I am not going to disagree with anyone and say that the album is perfect, because it isn't. No album really is at the end of the day. I don't want to say it's over-rated, largely because for me it is one of my favorite albums. It's certainly Linkin Park's best effort for many of the reasons I've already described. I largely love it because to me it really showed the band at a vulnerable moment. Minutes to Midnight was in some way risky and certainly a miniature departure, but that album was not nearly as polarizing as A Thousand Suns was. I recently watched the "Meeting of A Thousand Suns" video, and it does a good job of showing some of the turmoil the band was going through close to the end. Chester's statement at the end is really indicative of where the band was, and I really want the band to be there again. The band at that point was really on the same page - they just didn't want to sit in the box that everyone made for them. And while I think the band still has that ethos (I mean, that's what The Hunting Party is), it's not coming from the entire band. This time, it came from Mike, and in some ways it made me a little uncomfortable.
I'm not going to say that everyone should like this album. I actually like that there are such a range of opinions, and I think the band likes that it triggered so many different feelings. I do hope everyone appreciates what the band was trying to do, though, and at least understands that in some way it had to be done. There's a really interesting storyline of the band that is carried through with these albums, showing that the band is sincerely trying to put music out there that no one else is really making.
At the same time, I think the band needs to delve back into the "how can we shake ourselves" mentality, again. Do what some other bands do and leave the country for a while and record the album somewhere else. Take the time to explore different influences and see how you can incorporate them into your music. For example, one of the things I love about Muse's album, Black Holes and Revelations, was that you could tell that each song came from a different place internally and geographically. The band had been around and recorded the album in different places, and you can see where each song came from to some extent. I think it'd be neat to see Linkin Park try that sort of thing.
I dno, I know my opinion is particular - but I just want to be able to put Linkin Park on in my car and have people ask, "Wait, who is this?" That's what A Thousand Suns was, and I want them to return to that form in some capacity.
I get what are you trying to say, but I'm sticking to my theory.
ATS is LP returning to Reanimation levels of awesome. Best album without a doubt.
My second favorite album. It also has my favorite song from LP : Burning in the skies.
Also, A future gazing out, a past to overwrite. I love that part.
Honestly, though it is not like LP's other albums are bad lyrically. MTM, LT and THP have some shining moments. Personally, I think TLTGYA is the band's best song lyrically. While songs like OSC and SIB have cringe-worthy moments, a lot of the HT and Meteora songs are lyrically are at the worst, boring but not awful.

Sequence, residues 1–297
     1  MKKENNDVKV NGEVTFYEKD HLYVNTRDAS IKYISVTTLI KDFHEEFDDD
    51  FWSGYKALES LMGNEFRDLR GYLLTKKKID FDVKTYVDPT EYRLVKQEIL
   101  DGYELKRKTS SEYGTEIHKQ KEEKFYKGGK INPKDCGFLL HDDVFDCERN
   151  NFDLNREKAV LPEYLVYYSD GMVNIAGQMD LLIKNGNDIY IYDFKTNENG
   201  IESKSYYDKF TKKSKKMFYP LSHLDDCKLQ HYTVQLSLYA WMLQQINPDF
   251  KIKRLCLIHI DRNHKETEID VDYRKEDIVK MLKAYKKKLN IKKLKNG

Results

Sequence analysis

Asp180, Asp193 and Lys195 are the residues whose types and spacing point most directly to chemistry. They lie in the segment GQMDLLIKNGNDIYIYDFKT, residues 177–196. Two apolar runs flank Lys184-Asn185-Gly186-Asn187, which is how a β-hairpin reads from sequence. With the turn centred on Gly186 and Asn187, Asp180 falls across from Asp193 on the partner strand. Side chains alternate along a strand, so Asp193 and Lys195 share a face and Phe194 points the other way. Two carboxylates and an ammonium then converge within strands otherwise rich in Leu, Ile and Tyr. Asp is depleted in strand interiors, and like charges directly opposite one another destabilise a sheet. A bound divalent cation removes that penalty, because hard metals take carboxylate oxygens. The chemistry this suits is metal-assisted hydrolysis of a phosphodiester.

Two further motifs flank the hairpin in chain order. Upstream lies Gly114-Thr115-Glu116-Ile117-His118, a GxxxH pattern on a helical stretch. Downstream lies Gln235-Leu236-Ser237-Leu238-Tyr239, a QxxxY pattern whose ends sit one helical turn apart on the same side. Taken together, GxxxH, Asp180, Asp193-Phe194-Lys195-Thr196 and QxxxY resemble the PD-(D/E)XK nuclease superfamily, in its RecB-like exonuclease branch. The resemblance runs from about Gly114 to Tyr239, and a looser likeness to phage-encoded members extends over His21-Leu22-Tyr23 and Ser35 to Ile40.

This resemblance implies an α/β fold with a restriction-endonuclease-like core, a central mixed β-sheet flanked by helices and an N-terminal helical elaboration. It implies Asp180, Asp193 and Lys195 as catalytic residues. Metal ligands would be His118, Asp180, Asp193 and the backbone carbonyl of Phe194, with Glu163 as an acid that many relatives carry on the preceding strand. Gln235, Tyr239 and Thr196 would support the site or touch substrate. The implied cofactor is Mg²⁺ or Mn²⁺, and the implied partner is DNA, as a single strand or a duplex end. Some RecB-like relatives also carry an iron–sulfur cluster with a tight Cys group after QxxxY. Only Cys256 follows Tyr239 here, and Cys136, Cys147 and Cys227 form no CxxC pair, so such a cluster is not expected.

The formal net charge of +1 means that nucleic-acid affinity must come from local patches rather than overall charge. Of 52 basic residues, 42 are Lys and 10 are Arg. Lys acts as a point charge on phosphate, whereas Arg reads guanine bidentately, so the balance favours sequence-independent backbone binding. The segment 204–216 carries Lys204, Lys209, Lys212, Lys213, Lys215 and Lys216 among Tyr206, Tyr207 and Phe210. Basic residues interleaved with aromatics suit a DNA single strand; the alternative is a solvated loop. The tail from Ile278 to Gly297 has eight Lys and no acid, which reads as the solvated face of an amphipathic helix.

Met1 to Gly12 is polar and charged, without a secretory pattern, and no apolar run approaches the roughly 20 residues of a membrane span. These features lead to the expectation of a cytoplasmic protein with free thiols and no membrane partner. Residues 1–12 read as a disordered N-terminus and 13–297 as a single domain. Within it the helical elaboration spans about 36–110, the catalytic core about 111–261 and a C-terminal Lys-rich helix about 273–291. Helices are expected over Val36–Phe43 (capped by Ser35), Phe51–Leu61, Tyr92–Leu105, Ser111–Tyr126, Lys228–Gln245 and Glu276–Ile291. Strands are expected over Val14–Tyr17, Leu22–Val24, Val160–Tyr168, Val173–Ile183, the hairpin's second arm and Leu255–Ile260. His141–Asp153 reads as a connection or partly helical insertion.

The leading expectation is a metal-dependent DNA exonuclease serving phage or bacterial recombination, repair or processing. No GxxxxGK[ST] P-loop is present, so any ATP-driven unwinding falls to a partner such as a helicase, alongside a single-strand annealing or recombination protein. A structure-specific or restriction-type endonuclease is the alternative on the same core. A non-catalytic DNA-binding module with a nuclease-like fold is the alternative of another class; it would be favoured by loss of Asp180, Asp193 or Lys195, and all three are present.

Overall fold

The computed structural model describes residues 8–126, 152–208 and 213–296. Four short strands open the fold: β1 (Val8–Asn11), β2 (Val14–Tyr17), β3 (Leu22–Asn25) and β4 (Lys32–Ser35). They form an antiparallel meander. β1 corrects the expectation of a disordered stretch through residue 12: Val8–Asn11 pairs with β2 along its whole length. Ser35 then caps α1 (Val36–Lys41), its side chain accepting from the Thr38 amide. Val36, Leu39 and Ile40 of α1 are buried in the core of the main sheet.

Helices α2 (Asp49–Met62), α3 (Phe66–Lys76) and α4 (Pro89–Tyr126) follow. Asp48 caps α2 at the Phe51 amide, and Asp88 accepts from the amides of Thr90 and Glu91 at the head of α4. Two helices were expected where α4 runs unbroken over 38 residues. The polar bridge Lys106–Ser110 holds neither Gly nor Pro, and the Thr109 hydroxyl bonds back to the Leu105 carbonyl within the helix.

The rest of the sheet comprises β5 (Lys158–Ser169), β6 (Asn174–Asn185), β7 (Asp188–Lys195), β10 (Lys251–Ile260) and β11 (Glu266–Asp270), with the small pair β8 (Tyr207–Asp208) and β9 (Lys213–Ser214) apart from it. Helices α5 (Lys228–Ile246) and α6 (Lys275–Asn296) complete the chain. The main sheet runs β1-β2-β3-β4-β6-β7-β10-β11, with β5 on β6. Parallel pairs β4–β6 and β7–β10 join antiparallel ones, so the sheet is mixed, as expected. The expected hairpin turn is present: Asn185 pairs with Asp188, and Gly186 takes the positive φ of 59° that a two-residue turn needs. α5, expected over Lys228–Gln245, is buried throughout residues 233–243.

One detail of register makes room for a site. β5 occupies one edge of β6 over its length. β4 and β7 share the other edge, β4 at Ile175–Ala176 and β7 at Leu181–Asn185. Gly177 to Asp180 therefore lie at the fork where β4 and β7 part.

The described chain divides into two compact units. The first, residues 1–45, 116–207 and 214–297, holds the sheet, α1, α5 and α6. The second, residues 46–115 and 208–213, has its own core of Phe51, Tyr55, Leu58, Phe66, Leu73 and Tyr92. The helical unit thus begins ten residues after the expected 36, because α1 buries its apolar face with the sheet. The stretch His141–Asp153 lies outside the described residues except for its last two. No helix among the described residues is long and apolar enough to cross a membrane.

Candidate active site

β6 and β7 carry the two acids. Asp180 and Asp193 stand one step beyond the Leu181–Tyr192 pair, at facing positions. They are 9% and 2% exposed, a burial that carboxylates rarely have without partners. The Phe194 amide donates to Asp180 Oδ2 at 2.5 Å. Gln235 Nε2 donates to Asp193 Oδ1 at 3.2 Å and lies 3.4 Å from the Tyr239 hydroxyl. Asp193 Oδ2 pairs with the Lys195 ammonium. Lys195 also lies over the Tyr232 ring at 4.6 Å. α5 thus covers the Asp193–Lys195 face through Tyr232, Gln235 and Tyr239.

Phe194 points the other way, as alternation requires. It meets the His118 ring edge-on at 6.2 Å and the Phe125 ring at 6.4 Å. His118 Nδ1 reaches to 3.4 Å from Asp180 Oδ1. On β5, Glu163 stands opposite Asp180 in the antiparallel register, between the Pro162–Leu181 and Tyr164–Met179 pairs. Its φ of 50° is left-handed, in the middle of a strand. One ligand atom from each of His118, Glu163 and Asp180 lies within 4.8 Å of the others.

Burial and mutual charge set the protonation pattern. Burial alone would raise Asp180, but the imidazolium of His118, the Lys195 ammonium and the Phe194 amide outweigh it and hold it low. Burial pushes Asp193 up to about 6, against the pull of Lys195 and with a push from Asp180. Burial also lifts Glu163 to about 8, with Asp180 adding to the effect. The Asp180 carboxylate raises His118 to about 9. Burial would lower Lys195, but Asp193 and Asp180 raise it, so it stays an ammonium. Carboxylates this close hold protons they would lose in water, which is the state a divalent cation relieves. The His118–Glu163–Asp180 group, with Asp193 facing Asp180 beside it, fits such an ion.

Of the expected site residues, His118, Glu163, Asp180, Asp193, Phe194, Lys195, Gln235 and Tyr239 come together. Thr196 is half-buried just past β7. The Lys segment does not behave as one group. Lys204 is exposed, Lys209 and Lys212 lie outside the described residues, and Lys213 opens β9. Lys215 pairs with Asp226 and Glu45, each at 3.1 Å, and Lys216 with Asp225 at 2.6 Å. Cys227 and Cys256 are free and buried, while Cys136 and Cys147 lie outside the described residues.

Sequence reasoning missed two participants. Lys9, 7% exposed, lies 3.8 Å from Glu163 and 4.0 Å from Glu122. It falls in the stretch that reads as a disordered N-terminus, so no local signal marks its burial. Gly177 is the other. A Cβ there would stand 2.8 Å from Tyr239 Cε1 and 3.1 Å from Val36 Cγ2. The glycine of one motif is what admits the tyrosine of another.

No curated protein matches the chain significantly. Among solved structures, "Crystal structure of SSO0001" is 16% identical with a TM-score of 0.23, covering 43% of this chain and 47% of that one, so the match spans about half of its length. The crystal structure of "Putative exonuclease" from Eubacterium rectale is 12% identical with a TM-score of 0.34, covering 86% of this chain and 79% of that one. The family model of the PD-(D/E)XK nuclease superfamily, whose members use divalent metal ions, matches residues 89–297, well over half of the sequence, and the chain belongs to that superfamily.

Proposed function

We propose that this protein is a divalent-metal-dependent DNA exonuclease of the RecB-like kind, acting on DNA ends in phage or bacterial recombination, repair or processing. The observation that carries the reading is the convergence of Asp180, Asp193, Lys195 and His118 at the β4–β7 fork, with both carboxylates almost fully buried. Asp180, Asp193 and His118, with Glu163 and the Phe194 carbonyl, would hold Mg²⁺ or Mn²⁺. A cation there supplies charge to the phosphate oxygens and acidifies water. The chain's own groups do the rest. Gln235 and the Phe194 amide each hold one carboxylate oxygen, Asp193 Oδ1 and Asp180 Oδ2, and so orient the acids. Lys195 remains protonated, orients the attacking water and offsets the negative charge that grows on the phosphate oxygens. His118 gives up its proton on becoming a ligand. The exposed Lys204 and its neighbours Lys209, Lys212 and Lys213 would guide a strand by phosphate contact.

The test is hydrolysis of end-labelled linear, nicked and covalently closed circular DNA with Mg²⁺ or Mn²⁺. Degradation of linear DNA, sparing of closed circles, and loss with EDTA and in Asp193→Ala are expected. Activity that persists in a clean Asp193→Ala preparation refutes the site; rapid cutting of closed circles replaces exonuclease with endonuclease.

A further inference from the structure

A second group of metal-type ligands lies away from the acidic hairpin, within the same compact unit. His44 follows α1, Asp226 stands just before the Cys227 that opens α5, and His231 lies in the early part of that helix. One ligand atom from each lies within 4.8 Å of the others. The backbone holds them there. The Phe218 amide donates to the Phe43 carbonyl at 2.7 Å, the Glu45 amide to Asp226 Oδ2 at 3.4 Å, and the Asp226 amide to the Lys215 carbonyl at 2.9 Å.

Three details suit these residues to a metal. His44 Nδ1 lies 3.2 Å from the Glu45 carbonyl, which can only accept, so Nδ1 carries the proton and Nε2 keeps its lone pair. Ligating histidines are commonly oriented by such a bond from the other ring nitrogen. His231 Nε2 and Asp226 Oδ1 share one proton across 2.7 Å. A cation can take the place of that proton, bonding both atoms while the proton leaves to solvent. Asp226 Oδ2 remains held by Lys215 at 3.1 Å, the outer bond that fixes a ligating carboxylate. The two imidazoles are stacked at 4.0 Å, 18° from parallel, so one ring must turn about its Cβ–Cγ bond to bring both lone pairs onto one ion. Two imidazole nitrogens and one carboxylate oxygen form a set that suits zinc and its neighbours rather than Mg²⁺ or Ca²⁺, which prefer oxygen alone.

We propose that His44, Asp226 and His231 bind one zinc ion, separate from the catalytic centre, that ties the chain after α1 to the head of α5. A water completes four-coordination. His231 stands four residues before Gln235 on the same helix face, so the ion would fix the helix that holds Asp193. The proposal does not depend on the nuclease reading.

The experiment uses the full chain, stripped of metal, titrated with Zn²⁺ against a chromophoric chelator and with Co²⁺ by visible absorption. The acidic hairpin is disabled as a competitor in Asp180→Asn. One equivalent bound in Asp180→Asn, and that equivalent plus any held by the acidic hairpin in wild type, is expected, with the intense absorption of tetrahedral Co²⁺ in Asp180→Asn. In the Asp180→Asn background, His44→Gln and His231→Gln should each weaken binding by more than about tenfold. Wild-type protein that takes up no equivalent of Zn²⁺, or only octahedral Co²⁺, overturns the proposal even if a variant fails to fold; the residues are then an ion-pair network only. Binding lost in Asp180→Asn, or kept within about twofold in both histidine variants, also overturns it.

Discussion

Yeah! I've said before that "A Thousand Suns" is Linkin Park finally pulling off "Reanimation" with basically no outside help.
Well, just about.
It's a great album. But it could have used more "actual tracks" and less interludes. Empty Spaces? Why is this it's own track? Lyrically, A Thousand Suns is by far their best album. Otherwise it's their fourth best.
On another note, I'd like to hear examples of bands that are much better than just "okay", which many in thread are describing Linkin Park as. I assumed a LP fan forum would have many who consider LP one of their favorite bands. I thought wrong?
Completely agree with you.ATS is a freat album but its not the best.Yes i think LP is the best band.I am an Indian and many like me in India are big fans of LP.And LP hasn't really performed in India beside that its world famous and many don't know other bands(Referring to countries like India where Rock music is not popular). So it shows that LP is best band.And all the albums released by LP are god tier in my humble opinion.
LP are my all-time favourite band and there are some things that they do better than everyone else, yeah. But, in some areas, they are far from what I consider to be "the very best", I'm certainly not blind to that.
I basically have nothing to say in anything Linkin Park related 'cause you say everything that's on my mind.
I simply love it! (Especially the Lyrics) It's heaven to my ears. My favorite album.
I love how everything goes so well! The intros & the songs. Their best made album.
The album has its standouts in terms of tracks (Waiting For The End, Wretches and Kings, The Catalyst) and moments overall, but what it lacks in is energy. Not an easy album to take in for the average pop or rock listener. Has of a refined taste that obviously demands more than just guitars here and screaming there. Great album like anything else, but what makes me dislike it is the god status it is given by everyone here. The mistake a bunch of you make is comparing this to every single one of LP's other works which seems to hinder your enjoyment of other songs and albums, tho I don't refer this comment to everyone. Still, as I said before, its a great album just like anything else they tend to put out. Nothing to over hype about.
Are you just trying to appeal to people's egos here?